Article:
There's some humbling news from the chemical world for anyone who has ever found themselves lost in a garden maze. A simple droplet of organic solvent can find its way through a complicated labyrinth with nothing more to go on than a slight pH difference.
Bartosz Grzybowski's team at Northwestern University in Evanston, Illinois, used a common polymer to fashion a two-dimensional labyrinth some 2 centimetres on each side. They then flooded the maze with strongly alkaline potassium hydroxide solution, before placing a hydrochloric acid-soaked chunk of gel at the maze exit.
After about 40 seconds they placed a droplet of mineral oil containing hexyldecanoic acid at the maze entrance. The oil, which cannot mix with the potassium hydroxide solution, sits on the surface. But it remains still only for a matter of seconds - it soon begins tearing around the maze at speeds of up to 10 millimetres per second, sniffing out the shortest path to the acid-soaked gel, and solving the maze in the process.
"In the movie files you can see the droplet makes decisions," says Grzybowski. "It goes left along the wrong path, decides there's something fishy with that and so it reverses. It looks almost alive."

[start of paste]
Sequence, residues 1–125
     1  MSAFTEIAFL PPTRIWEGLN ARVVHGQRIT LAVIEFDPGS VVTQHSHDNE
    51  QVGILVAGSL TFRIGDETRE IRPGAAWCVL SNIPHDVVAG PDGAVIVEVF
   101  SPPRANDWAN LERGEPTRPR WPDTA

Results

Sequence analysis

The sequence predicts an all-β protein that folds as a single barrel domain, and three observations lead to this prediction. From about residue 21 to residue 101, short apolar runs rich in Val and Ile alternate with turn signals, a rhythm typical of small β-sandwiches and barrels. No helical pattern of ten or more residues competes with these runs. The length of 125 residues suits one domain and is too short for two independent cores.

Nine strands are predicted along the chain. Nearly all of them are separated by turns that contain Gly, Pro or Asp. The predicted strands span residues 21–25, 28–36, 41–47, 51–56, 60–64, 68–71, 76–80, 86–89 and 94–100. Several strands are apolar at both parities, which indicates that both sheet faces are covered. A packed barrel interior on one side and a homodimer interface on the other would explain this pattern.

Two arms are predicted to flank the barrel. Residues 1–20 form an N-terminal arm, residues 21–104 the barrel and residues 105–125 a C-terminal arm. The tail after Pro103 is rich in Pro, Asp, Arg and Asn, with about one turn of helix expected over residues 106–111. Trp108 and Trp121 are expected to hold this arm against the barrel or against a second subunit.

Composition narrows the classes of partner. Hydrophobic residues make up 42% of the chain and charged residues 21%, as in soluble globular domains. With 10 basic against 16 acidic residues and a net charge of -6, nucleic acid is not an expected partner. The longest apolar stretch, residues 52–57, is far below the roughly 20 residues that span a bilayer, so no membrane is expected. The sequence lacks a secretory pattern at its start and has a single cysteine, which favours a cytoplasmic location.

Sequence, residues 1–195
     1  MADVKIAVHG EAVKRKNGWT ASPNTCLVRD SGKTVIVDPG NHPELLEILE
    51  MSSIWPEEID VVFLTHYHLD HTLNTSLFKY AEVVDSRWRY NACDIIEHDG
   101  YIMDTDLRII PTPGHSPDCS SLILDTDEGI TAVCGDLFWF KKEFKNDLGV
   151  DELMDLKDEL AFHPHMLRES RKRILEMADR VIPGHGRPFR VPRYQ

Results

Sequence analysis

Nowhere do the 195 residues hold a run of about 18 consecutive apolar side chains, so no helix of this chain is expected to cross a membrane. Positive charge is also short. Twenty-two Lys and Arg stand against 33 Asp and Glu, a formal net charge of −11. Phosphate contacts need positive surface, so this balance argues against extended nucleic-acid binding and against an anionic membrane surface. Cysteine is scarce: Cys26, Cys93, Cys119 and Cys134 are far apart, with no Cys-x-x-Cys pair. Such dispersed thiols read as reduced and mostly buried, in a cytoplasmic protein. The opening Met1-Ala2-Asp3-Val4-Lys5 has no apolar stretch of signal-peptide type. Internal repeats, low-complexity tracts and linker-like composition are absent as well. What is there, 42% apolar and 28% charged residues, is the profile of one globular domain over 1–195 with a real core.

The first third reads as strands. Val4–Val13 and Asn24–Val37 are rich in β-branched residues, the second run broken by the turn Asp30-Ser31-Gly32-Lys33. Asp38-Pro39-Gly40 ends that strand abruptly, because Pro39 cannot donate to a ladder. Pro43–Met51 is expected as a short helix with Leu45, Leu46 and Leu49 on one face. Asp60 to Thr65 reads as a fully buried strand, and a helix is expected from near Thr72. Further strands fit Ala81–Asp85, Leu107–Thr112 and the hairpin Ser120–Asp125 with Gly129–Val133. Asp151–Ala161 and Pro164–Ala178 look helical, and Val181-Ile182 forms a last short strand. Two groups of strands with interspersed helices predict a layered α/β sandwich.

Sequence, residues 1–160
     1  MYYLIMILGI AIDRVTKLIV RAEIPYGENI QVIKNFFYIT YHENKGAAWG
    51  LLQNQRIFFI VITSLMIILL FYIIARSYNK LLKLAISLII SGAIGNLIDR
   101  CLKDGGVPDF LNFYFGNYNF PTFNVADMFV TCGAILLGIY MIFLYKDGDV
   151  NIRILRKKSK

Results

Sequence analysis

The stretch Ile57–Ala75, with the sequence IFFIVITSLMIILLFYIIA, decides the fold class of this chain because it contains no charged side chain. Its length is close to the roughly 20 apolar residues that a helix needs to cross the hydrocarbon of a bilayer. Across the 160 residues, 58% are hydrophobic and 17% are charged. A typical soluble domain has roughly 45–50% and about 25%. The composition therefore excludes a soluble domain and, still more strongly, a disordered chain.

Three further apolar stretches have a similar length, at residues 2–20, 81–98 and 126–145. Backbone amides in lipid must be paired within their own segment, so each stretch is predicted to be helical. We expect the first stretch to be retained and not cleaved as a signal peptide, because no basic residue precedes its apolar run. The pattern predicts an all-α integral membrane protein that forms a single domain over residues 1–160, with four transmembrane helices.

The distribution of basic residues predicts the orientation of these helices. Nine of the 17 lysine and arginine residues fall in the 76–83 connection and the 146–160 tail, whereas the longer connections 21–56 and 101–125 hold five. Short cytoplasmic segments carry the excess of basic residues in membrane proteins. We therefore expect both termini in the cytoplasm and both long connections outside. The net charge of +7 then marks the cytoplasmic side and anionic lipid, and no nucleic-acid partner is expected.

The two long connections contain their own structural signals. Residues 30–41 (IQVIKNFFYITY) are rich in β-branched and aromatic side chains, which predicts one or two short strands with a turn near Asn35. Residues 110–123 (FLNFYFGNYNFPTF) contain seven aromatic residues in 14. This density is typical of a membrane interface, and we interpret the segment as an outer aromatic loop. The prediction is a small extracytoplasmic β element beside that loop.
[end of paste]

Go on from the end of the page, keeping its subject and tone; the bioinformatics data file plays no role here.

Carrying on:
But while Grzybowski says the droplet displays behaviour that might be called "primitive intelligence", there's a simple chemical mechanism at work.
The droplet leaches its acid into the surrounding solution, losing hydrogen ions in a process known as deprotonation - a process that affects the surface tension of the droplet itself.
"But to the front and rear of the droplet [the surrounding solution] has a different pH," he says, because of diffusion from the acid-soaked gel at the maze exit. Those tiny pH differences affect the amount of deprotonation that happens at the front and rear of the droplet, and this asymmetry sets up a surface tension gradient that forces the droplet into motion. "I would say the droplet is self-propellant," he says.
Grzybowski's team thinks that the behaviour could have implications for cancer treatments. They would like to develop micelles - aggregates of molecules such as balls of lipids - that can navigate pH gradients in the body. "A good reason for that is cancer is more acidic than the rest of the body," Grzybowski says.
But the chemical behaviour could also offer an explanation for the apparently intelligent behaviour of the slime mould Physarum polycephalum, which 10 years ago was shown to possess similar maze-solving abilities by Toshiyuki Nakagaki, now at Hokkaido University in Sapporo, Japan.
"The [new] finding is interesting since it gives an insight of possible physical mechanisms for Physarum to find a path in the maze," Nakagaki says.
Journal reference: Journal of the American Chemical Society, DOI: 10.1021/ja9076793